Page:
LONDON (John Kemp is a Reuters market analyst. The views expressed are his own)
For decades, India’s power engineers had a dream: “One Nation. One Grid. One Frequency.”
At the start of this year, that vision was realised. India finally has a nationwide power system stretching from Tamil Nadu in the south to Kashmir in the north, Gujarat in the west to Nagaland in the east.
On Dec. 31, India commissioned the last link, a high-voltage transmission line between Raichur and Solapur, connecting the southern regional grid to the four other grids serving the north, east, west and northeast, which had been successively integrated since 1991.
The whole of India’s electricity system was synchronised and started to function as one giant machine. Unification is a powerful symbol of national identity and modernisation as well as enabling the system to operate more efficiently.
Britain’s seven regional networks were first synchronised as long ago as 1937 in an unauthorised night-time experiment by electrical controllers and officially integrated in the winter of 1938.
Until then, “having too many power stations connected together in one big network had been thought too risky”, according to the Central Electricity Generating Board. But the national grid kept Britain’s armaments factories running during the heavy air raids of World War Two.
The United States integrated almost its entire network into two giant interconnections that link into neighbouring parts of Canada and Mexico: the Eastern Interconnection in 1962 and the Western Interconnection in 1967.
China, too, is rapidly linking its regional grid operations into a nationwide super-grid.
But India’s belated arrival in the super-grid club cannot disguise the underdevelopment of the country’s electricity system.
More than 300 million people in India lack access to electricity, according to the World Bank and the International Energy Agency, compared with fewer than 3 million in China.
In 2012/13, India’s power system was able to supply a peak of just 124,000 megawatts for a country of more than 1.2 billion people. By contrast, Britain’s power stations generated a maximum of 55,000 megawatts for a country of 60 million.
On average, Indians consume 917 kilowatt-hours each per year compared with 3,300 in China, 5,400 in Britain and 13,000 in the United States.
India has just over 1 million km (625,000 miles) of high-voltage transmission circuits and 185 substations. That compares with around 750,000 circuit-kilometres on the main interconnections in North America, which has a population a quarter the size of India's, and more than 50,000 transformer substations in the United States alone.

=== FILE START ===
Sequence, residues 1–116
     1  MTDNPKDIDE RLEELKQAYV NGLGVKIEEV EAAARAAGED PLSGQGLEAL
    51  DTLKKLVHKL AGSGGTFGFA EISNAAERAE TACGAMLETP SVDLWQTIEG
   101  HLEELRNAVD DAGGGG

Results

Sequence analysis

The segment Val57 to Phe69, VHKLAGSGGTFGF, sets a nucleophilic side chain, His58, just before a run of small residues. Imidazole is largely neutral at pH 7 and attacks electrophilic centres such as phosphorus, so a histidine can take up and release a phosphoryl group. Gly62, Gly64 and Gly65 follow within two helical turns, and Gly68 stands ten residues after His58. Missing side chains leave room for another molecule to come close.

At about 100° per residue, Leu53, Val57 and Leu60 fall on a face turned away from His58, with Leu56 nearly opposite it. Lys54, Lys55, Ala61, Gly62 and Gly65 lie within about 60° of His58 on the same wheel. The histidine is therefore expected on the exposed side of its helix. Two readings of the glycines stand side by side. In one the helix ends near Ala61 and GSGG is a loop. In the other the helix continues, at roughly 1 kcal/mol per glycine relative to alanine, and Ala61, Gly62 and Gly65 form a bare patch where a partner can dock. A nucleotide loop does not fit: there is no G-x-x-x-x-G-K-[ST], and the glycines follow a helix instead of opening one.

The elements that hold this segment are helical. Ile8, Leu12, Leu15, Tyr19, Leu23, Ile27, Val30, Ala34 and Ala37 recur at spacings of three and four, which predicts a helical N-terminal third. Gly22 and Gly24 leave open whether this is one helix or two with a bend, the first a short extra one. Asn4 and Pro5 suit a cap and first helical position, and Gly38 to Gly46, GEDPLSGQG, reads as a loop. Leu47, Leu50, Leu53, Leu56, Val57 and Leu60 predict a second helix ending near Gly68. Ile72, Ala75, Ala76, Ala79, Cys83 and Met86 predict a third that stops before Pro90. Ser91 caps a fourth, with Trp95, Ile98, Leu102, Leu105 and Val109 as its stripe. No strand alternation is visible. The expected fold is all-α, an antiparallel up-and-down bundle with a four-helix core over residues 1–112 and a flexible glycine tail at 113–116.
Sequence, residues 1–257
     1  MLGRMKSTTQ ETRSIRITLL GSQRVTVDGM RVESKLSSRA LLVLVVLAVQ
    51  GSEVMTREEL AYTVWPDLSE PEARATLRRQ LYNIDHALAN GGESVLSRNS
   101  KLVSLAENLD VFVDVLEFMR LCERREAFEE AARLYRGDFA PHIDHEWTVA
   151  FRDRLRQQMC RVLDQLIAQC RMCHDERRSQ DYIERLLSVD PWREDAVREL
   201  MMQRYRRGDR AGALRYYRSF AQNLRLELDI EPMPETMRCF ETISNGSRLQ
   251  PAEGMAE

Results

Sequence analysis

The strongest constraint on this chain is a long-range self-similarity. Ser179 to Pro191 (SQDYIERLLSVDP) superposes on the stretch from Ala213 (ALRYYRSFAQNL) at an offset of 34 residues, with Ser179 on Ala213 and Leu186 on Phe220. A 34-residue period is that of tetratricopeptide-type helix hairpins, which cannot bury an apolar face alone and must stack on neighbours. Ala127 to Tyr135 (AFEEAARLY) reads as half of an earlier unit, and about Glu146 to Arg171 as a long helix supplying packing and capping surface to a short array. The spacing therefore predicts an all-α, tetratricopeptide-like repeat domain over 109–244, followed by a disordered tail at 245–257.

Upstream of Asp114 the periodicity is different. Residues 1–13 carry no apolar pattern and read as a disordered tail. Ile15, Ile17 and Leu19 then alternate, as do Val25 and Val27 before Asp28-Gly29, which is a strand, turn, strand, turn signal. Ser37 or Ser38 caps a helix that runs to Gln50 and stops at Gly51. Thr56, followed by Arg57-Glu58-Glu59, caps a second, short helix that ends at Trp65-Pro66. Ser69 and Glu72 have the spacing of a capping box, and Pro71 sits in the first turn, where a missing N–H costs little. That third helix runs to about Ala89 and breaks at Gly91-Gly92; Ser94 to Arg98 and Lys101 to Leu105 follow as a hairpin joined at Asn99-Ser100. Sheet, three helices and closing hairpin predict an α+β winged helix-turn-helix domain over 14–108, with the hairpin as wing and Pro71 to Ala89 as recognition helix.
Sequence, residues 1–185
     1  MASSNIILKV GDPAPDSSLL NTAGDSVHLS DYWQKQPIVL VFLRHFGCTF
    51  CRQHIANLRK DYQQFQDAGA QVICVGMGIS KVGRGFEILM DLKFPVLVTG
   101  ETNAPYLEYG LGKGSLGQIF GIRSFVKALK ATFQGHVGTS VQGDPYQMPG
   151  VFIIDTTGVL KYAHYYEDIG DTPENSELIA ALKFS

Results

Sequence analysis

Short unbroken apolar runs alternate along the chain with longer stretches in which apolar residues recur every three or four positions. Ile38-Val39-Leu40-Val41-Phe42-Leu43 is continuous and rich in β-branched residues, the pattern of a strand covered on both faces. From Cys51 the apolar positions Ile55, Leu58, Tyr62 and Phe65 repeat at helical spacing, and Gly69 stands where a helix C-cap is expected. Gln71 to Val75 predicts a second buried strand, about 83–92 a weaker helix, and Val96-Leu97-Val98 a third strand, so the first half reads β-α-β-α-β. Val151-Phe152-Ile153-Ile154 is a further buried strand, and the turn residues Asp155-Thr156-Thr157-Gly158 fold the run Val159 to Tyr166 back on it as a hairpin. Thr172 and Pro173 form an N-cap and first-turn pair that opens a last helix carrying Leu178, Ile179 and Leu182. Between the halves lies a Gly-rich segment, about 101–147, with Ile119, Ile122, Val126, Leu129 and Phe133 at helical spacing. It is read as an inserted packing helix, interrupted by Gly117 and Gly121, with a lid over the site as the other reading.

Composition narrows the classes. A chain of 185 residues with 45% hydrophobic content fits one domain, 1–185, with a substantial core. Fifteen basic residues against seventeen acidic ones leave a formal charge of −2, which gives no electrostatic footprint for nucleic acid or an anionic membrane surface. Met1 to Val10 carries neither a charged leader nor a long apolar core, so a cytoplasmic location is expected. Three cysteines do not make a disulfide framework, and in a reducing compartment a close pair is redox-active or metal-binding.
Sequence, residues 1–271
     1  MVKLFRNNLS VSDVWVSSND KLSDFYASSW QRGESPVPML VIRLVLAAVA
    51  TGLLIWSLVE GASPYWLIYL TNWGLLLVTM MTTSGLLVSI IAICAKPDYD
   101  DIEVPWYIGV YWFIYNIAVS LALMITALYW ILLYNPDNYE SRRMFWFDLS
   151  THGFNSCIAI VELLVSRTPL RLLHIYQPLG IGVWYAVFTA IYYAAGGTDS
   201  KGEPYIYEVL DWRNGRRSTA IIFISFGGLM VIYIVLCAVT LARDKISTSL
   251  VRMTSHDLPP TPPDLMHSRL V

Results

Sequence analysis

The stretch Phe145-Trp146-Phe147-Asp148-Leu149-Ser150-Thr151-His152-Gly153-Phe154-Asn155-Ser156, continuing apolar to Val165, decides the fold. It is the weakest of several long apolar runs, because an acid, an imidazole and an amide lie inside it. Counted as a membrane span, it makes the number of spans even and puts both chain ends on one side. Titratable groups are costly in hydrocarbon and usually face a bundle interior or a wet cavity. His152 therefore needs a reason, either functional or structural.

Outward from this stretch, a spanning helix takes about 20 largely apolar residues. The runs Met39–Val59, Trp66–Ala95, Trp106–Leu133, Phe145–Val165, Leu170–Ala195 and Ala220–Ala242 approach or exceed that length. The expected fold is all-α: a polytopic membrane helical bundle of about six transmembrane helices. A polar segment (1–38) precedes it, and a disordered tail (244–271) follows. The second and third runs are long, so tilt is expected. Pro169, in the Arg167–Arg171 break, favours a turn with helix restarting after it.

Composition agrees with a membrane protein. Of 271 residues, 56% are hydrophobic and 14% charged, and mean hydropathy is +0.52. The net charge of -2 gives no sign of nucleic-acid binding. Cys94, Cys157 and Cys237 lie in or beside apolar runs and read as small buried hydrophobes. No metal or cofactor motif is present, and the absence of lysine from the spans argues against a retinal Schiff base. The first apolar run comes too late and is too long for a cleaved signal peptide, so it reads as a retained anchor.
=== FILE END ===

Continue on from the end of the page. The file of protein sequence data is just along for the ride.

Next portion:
Generation is dominated by old and inefficient coal-fired units that belch soot, toxic pollutants and carbon dioxide. Coal accounts for 60 percent of India’s installed generation capacity with some hydro (16 percent) and renewables (13 percent) as well as smaller amounts of natural gas and nuclear.
Power cuts are frequent as demand often outstrips supply. More than 10 percent of electricity demand routinely goes unmet at peak periods, according to India’s Central Electricity Authority (“Annual Report 2012-13”).
India’s grid has proved worryingly unmanageable and unstable - even before the synchronisation of a fifth region with hundreds of millions more customers.
In July and August 2012, India's two worst blackouts in history cascaded across the north and the east, cutting electricity to states and territories home to more than half of the country's population.
Ironically, the only region spared was the southern one because it was not synchronised with the rest of the grid. The lack of direct connection served as a firebreak as blackouts rippled across the network, the danger foreseen by Britain’s grid engineers in the 1920s and 1930s.
Blackouts occurred because during the intense summer heat, which stretched the country’s generation and transmission resources to the limit, many of India’s state electricity boards ignored instructions to reduce power deliveries to their customers. A cascading failure resulted.
But it is not just too much consumption that can destabilise the grid. Last month, the northern grid collapsed when thunderstorms and heavy rain hit Delhi, Uttar Pradesh, Haryana and Uttarakhand. Bad weather caused a sudden reduction in demand. As voltage and frequency surged, 69 high-voltage transmission lines disconnected themselves to protect equipment.